Saturday, August 1, 2009

Warning: BPA Found in Baby Food Jars

Is this dangerous for our babies?

The estrogen-mimicking chemical bisphenol A is widely found in baby food sold in glass jars in Canada, according to a survey conducted by Health Canada that found the compound in about 84 percent of samples.

"The results of this survey clearly indicate that exposure to BPA through the consumption of jarred baby food products would be extremely low" with the amounts "not expected to pose a health risk to the consumer," Health Canada officials said.

Is this something to worry about? Pediatrician Dr. Cara Natterson says:

Here's my bottom line: This isn't something to lose sleep over, but it isn't something to blow off, either.

BPA is a chemical that can potentially cause disease. It has been accused (among other things) of causing uterine fibroids, endometriosis, breast cancer, lowering sperm count, and increasing the risk of prostate cancer. Many challenge these accusations because the studies that document these effects are small or have not been repeated. But what most people agree upon is that BPA is an endocrine disruptor: a chemical that can affect the way hormones work in some people's bodies. For this reason, if it can be avoided, it probably should be.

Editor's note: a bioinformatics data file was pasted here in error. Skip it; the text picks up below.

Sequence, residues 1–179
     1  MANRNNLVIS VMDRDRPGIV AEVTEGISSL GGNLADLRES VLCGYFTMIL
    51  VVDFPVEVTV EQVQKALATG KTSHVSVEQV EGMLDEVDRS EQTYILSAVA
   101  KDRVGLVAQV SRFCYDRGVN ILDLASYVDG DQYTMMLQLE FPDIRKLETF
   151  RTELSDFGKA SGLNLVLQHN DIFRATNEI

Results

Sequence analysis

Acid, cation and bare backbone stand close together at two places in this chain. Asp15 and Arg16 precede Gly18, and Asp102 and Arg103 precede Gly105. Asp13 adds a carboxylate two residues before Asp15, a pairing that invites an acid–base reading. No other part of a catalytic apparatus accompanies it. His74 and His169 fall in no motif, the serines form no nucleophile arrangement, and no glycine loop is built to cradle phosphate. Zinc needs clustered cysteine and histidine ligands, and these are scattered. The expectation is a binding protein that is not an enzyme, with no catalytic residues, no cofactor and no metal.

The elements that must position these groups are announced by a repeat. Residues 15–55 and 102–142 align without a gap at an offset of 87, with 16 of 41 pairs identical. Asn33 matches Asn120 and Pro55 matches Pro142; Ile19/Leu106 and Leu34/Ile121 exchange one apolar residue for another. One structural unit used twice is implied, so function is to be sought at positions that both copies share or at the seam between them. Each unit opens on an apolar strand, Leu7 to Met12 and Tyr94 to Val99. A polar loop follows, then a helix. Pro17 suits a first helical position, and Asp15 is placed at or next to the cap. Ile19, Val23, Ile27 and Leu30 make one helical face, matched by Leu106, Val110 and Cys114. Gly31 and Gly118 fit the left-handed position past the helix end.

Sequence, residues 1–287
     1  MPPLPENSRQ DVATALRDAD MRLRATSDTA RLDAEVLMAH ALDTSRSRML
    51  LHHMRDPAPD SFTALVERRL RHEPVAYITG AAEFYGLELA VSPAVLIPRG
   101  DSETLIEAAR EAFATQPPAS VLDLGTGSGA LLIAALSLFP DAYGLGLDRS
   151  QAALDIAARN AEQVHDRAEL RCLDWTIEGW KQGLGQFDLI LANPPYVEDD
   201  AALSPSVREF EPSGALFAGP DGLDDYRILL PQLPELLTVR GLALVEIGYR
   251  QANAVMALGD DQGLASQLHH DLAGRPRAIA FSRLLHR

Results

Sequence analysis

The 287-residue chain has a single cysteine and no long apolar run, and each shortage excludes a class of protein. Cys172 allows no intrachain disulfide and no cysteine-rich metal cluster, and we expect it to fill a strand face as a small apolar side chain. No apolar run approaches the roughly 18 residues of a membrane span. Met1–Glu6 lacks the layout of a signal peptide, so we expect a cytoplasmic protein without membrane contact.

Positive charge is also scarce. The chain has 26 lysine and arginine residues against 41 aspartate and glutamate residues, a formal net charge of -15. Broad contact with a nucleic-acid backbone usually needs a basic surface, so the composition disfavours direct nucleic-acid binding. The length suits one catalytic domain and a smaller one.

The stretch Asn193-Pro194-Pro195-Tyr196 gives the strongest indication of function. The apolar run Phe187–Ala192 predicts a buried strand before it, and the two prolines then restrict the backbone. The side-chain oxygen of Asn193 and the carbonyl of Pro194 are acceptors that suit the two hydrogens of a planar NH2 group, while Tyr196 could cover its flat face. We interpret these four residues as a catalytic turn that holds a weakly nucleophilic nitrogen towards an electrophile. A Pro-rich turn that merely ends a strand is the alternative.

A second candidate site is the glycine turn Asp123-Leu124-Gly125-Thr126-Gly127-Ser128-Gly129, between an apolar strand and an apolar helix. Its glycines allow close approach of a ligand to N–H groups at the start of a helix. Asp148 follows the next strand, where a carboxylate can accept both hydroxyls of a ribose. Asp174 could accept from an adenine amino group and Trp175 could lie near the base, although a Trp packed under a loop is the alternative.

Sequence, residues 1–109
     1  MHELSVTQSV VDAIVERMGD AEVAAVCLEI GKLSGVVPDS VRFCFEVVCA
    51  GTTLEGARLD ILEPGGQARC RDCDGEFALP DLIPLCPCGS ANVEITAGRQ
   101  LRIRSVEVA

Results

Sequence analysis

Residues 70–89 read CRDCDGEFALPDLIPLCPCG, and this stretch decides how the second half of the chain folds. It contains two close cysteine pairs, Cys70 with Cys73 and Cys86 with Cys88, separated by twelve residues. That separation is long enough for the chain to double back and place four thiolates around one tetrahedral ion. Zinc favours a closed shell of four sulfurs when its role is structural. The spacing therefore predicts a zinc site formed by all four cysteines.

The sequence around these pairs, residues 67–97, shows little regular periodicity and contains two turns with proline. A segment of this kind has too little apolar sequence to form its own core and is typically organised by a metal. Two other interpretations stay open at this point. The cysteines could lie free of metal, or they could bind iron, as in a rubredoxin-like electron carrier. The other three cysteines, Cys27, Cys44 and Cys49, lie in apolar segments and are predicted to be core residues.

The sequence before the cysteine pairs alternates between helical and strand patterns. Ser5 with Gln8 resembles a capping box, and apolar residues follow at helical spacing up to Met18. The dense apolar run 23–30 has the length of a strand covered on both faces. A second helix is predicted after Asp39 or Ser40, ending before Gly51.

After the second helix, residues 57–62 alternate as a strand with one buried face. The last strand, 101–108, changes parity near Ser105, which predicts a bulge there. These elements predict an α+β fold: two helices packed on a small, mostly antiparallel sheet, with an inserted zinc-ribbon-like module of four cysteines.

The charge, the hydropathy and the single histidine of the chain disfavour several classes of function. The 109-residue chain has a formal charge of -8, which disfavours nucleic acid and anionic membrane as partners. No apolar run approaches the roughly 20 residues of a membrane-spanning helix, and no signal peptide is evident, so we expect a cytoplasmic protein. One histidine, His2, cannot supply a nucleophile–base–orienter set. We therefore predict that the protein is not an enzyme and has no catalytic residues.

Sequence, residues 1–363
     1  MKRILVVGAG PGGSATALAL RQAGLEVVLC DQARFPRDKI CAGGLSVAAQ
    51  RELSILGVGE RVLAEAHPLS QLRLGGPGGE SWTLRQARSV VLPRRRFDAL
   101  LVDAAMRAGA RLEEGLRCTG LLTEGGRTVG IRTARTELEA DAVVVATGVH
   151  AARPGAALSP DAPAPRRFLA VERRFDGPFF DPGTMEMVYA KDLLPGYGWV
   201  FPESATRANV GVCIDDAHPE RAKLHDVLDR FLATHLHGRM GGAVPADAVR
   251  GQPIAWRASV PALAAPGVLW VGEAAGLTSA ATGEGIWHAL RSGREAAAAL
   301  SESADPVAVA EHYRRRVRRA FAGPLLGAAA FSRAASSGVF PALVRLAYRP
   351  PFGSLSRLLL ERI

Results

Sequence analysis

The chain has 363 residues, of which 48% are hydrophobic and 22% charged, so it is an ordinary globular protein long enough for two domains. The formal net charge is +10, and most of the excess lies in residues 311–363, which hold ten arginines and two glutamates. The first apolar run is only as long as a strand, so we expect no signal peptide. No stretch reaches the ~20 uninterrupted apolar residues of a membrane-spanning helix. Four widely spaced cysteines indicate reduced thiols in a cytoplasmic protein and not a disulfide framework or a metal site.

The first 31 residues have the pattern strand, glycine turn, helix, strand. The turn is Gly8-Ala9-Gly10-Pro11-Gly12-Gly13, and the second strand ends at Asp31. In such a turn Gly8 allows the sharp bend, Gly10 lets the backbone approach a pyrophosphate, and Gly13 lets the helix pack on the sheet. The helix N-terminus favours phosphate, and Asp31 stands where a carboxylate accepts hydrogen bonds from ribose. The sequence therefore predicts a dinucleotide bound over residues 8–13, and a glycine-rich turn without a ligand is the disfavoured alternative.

Canada has been on the front lines of the war against BPA. In April 2008, the Canadian government classified BPA as "toxic" to human health and the environment. One of the reasons why is that BPA can imitate the actions of estrogen and, many times, BPA concentrations are far higher than normal estrogen concentrations found in the body (parts per billion versus parts per trillion). But this accusation -- that there is more BPA in many products sold on the market than there is estrogen in our own bodies -- isn't entirely fair. BPA is not estrogen, it just looks like estrogen. And according to most studies, the biological effects of BPA are nowhere near those of estrogen: it is not nearly as potent as the natural hormone, and oftentimes it is completely impotent.

Story Continues...


  1. I know the parents who children are born as a hermaphrodite are pissed that these are being pulled from the shelf.

    Some markets will not pull them because there are too many people who were born as hermaphrodites that live in the area and can't afford those daily estrogen pills.

  2. @12:13 PM


    If it's that easy to slip this estrogen into a bottle than it can easily become a insert into a couture lollipop or foods that only certain celebrities "can" eat.

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